The play opens with Medea grieving over the life she threw away for Jason, with her elderly nurse fearing she might do harm to herself or her children. Creon, also fearing what such a woman might do arrives to exile Medea. Medea pleads for one day’s delay. Jason justifies his need to marry a royal princess and throws Medea’s barbarian origin in her face. Medea is outraged by Jason’s desertion and betrayal, and moves between despair and thoughts of revenge: “It was everything to me to think well of one man,/ And he, my own husband, has turned out wholly vile/ […] I am deserted, a refugee, thought nothing of/ By my husband–something he won in a foreign land.”
Medea’s revenge is savage and bloody, and devastatingly complete. She contrives to poison the prospective bride with the gift of some golden robes [a family heirloom and gift from her grandfather, the Sun God]. “Alas!” a Messenger reports, “The bride had died in horrible agony; for no sooner had she put on Medea’s gifts than a devouring poison consumed her limbs as with fire, and in his endeavour to save his daughter the father died too.” Please with her revenge thus far, Medea carries it further by murdering her own children, in order to utterly destroy Jason–for now, love has become hate, and she hates him more than she loves them. Medea departs Corinth on a chariot of the sun, taking the bodies of her dead children with her so that Jason is denied both the satisfaction of making her pay for her crimes and burial rites of his children. His impotent curses are refuted by Medea: “What heavenly power lends an ear/ To a breaker of oaths, a deceiver?”
To come upon Medea confronting the choices before her is like coming upon a wild sight of nature–a wind-lashed tree, to paraphrase Upton Sinclair, on a stormy night. There she is, in this compelling opening moments: to be or not to be? To accept and accommodate herself to the status quo, to Jason’s betrayal and abandonment of her, or to risk terrible evil, confronting her own destruction rather than accept her world the way it now is? Euripides was the poet of bitter, realistic observation of human weaknesses and corruption, and yet his work also reflected respect for human heroism and dignity; at once bitter and poetic, violent and tender. Further challenging the prevailing assumptions, Euripides gives to Medea the ability to lucid, rational argument, the traditional prerogative of males, and compromises Jason, who is portrayed in less than heroic lights.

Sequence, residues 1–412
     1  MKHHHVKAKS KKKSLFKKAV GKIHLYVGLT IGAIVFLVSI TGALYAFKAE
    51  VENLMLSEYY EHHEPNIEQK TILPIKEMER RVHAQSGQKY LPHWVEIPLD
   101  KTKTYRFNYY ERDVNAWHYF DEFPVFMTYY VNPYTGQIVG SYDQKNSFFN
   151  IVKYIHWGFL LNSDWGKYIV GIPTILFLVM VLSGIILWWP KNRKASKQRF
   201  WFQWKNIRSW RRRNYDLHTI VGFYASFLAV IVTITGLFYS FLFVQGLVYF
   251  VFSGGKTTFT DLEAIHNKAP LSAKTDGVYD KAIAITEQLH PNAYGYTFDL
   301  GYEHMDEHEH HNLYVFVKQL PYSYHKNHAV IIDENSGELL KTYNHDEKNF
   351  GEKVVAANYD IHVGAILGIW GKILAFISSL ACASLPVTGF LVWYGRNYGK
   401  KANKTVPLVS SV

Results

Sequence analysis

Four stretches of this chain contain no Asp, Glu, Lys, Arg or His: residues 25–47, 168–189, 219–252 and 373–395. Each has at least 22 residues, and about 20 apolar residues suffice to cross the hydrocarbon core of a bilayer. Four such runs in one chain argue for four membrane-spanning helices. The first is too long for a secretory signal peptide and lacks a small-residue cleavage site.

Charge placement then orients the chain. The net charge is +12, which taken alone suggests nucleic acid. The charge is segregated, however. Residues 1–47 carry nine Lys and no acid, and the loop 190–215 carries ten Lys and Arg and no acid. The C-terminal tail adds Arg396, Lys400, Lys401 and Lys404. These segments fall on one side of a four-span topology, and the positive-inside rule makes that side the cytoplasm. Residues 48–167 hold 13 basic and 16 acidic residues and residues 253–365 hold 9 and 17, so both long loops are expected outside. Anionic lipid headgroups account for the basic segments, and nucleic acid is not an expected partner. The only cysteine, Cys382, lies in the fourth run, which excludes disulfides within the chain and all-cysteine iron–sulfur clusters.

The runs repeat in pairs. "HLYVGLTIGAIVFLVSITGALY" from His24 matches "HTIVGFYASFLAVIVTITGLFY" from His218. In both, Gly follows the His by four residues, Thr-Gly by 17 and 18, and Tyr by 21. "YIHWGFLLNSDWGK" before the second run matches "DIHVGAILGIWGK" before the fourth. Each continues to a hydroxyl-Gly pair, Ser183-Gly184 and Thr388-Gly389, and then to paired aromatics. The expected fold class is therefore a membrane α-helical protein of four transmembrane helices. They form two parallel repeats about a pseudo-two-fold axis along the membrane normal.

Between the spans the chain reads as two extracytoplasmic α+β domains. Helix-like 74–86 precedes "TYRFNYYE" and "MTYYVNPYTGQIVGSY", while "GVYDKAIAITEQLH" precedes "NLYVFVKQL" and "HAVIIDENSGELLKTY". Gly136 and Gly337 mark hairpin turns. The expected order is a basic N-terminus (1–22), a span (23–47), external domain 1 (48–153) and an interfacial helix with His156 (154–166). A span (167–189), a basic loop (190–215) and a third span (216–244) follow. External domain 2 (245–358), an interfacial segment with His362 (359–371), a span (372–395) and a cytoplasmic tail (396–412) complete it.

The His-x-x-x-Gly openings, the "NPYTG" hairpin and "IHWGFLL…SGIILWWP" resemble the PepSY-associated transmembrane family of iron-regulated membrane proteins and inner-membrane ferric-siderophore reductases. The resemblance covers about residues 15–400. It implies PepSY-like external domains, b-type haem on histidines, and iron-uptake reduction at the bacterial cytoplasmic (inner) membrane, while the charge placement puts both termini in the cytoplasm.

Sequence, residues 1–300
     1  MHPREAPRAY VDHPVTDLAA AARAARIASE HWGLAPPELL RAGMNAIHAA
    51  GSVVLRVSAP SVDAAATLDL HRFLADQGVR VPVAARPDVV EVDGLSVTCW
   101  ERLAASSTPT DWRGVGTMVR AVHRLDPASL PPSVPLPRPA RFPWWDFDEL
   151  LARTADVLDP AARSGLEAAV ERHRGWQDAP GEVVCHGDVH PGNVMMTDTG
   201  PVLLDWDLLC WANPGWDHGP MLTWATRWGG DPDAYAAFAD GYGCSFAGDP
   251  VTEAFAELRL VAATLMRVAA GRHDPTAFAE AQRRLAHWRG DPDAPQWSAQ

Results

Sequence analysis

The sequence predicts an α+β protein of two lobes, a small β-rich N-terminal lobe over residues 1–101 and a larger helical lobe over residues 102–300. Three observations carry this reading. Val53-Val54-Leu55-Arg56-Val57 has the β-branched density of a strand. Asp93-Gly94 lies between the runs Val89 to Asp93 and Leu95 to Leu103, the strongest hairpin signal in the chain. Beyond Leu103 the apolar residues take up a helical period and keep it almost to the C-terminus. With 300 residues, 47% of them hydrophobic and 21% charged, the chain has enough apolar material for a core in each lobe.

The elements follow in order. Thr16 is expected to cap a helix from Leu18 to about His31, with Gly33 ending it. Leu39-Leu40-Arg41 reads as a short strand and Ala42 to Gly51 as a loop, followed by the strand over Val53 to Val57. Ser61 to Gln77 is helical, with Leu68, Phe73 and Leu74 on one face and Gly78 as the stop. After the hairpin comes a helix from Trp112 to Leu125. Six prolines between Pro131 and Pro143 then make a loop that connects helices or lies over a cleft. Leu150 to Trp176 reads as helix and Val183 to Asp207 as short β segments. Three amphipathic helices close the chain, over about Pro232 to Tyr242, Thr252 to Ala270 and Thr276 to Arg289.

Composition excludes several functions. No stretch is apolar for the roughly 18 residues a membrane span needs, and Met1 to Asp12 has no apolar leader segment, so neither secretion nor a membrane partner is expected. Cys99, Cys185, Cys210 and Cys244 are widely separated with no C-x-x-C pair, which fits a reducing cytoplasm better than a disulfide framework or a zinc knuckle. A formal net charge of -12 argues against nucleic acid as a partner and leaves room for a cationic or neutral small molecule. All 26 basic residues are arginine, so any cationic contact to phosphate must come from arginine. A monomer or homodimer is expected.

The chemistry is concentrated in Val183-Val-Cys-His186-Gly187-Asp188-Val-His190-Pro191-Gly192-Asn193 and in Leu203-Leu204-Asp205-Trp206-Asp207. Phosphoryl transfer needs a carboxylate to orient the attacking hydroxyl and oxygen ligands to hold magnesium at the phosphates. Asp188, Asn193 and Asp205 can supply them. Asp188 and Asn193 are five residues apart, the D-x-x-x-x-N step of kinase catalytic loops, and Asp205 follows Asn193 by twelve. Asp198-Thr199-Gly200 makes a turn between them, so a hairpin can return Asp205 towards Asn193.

Medea challenges ancient Greek society’s notion that a woman’s crowning glory was to bear children and fulfill the conjugal demands of her husband: “Still more, a foreign woman, coming among new laws,/ New customs, needs the skill of magic, to find out/ What her home could not teach her, how to treat the man/ Whose bed she shares. And if in this exacting toil/We are successful, and our husband does not struggle/Under the marriage yoke, our life is enviable./ Otherwise, death is better. If a man grows tired/ Of the company at home, he can go out, and find/ A cure for tediousness. We wives are forced to look/ To one man only. And they tell us, we at home/ Live free from danger, that they go out to battle–fools!/ I’d rather stand three times in the front line than bear/One child.”
It is the last few lines that connect [for me] Medea with Amina, Queen of Zaria. It is why I explore, with In Silence …& In Tears [currently in financing at the Durban FilmMart this July, with principal photography scheduled for August] the psychology of betrayal and revenge. How does an audience respond to such a character? Who can possibly love such a woman–so intense and frightening, so unashamed and sacrificial in her love? Terrifying [paraphrasing Warsan Shire in For Women Who Are Difficult To Love] and strange and beautiful–something not everyone knows how to love. And Jason, unable to live up to the man who lives in her head. This is my reading of Medea, Amina, and–the woman at the heart of my own revenge story–Salome.
• Didi Cheeka is a Marxist critic, writer and filmmaker.